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Effect of relative humidity on adhesion and frictional properties of micro- and nano-scopic contacts
KTH, School of Chemical Science and Engineering (CHE), Chemistry, Surface Chemistry.
2005 (English)In: Journal of Adhesion Science and Technology, ISSN 0169-4243, E-ISSN 1568-5616, Vol. 19, no 05-mar, 165-179 p.Article in journal (Refereed) Published
Abstract [en]

The effect of relative humidity (RH) oil the interactions of AFM tips and colloidal probes with hydrophilic silica substrates is investigated. Both friction and adhesion are studied. For the case of a colloidal probe the interaction is characteristic of a multiasperity contact, the adhesion increased with increasing RH and above a certain threshold relative humidity a large increase in adhesion was measured. This behaviour is explained in terms of a recent model where the Kelvin radius of the condensate becomes larger than some characteristic roughness on the surface. The interaction between the tip and the substrate also exhibited an increase in adhesion above a threshold RH although the increase was much less marked than with the colloid probe. The friction decreased with increasing humidity for both tip and colloid probe although the friction force was much less sensitive than adhesion to changes in RH. Stick-slip behaviour was observed between tip and substrate for all humidities at high loads, but only at the lowest RH (about 5%) it was observed at all loads. At higher humidity the behaviour became increasingly continuum on the experimental timescale, presumably due to viscous contributions from the water. Stick-slip was not observed for the colloidal probe friction measurements.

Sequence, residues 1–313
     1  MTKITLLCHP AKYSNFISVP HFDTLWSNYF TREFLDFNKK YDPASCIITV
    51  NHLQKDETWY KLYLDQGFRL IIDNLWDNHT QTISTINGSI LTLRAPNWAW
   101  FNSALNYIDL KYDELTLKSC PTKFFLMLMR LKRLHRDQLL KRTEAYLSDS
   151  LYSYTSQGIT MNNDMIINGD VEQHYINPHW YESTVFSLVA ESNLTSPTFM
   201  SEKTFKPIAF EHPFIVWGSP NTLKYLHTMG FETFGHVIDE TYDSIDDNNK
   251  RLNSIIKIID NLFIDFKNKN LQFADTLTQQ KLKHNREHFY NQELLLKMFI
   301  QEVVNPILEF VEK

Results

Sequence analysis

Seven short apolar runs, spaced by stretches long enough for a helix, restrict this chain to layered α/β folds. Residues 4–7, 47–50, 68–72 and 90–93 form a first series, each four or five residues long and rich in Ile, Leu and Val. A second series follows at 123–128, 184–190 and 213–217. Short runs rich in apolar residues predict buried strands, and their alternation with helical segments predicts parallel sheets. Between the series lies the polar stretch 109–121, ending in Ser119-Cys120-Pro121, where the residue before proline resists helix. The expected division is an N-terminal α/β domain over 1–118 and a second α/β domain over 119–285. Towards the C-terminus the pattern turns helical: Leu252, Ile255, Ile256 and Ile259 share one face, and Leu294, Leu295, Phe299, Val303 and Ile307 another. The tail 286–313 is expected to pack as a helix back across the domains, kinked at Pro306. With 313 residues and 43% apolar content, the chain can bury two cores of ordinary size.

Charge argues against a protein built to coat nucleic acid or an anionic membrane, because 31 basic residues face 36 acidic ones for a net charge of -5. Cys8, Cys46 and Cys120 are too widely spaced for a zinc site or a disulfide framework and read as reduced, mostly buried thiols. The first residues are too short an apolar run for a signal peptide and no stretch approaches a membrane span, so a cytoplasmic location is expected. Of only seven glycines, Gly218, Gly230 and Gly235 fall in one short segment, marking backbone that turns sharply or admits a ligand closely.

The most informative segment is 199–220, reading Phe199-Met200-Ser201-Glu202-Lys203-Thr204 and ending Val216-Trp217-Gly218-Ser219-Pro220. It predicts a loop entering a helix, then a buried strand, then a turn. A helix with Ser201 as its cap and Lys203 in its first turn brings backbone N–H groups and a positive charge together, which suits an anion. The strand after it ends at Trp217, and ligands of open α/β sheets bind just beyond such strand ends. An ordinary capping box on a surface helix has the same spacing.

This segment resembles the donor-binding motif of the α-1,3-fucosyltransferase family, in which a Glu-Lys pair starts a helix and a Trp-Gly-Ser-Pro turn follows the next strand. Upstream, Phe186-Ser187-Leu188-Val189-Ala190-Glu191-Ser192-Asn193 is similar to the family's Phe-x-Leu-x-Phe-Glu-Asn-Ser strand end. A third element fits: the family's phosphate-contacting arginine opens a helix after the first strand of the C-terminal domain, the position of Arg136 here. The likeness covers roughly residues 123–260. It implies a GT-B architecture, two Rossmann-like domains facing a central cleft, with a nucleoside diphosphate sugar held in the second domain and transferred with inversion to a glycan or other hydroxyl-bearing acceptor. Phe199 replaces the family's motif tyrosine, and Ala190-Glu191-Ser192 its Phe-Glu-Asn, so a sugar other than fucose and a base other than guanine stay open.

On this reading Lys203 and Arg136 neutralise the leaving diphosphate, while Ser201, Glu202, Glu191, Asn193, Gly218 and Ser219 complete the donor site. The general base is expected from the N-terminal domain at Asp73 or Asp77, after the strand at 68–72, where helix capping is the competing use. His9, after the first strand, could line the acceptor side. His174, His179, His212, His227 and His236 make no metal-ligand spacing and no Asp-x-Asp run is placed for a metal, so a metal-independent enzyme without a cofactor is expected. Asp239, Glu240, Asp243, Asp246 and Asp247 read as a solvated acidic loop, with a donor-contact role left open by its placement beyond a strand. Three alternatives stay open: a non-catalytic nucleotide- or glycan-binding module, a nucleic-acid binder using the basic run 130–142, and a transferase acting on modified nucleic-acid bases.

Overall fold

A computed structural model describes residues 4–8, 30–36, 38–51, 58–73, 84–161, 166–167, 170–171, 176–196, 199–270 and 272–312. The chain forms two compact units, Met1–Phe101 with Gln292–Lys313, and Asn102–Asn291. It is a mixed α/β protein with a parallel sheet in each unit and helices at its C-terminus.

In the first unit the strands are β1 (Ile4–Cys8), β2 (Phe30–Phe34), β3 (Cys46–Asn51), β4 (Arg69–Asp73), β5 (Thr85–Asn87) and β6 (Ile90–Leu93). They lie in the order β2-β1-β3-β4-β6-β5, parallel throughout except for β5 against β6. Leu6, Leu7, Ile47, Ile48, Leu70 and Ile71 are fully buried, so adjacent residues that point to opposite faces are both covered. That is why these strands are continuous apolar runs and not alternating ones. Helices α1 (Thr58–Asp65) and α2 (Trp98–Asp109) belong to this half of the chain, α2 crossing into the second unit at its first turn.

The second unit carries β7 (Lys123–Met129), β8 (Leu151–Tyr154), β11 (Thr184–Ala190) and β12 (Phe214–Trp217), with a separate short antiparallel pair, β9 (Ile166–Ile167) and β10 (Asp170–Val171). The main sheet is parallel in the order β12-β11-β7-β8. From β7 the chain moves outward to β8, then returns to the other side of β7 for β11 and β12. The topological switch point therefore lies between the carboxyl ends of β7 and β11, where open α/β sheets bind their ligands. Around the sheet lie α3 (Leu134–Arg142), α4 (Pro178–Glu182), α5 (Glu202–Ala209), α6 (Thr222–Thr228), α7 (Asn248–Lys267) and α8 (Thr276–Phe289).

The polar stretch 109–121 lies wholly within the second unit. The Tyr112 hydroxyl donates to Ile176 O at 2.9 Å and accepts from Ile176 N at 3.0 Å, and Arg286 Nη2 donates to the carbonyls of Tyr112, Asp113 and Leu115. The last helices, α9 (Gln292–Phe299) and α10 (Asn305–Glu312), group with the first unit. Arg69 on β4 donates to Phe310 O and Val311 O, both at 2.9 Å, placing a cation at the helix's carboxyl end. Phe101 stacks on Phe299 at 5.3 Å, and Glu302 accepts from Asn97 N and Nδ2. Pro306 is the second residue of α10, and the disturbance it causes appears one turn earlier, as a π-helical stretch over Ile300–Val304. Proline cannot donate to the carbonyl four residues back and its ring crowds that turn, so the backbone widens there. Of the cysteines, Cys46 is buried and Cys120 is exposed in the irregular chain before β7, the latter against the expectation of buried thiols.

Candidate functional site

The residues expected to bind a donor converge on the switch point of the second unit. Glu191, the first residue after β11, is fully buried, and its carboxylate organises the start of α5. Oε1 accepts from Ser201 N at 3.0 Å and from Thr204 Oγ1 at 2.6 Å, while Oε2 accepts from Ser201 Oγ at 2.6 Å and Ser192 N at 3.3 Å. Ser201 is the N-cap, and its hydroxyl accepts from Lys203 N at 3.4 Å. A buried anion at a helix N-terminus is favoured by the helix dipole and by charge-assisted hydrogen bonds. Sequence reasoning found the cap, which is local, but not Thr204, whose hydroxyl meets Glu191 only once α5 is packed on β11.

Place, publisher, year, edition, pages
2005. Vol. 19, no 05-mar, 165-179 p.
Keyword [en]
friction, adhesion, capillary condensation, atomic force microscope, surface force, atomic-force microscopy, torsional spring constant, nanoscale rough surfaces, molecularly thin-films, capillary condensation, silica surfaces, kelvin equation, water, afm, air
URN: urn:nbn:se:kth:diva-14928ISI: 000230670600004ScopusID: 2-s2.0-22544453595OAI: diva2:332969
QC 20100525Available from: 2010-08-05 Created: 2010-08-05Bibliographically approved

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Rutland, Mark W
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